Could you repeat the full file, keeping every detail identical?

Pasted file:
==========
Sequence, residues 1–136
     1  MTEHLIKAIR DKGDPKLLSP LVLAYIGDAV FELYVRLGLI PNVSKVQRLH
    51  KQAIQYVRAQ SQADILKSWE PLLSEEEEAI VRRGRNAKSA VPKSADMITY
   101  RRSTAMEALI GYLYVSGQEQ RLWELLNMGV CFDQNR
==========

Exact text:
Sequence, residues 1–136
     1  MTEHLIKAIR DKGDPKLLSP LVLAYIGDAV FELYVRLGLI PNVSKVQRLH
    51  KQAIQYVRAQ SQADILKSWE PLLSEEEEAI VRRGRNAKSA VPKSADMITY
   101  RRSTAMEALI GYLYVSGQEQ RLWELLNMGV CFDQNR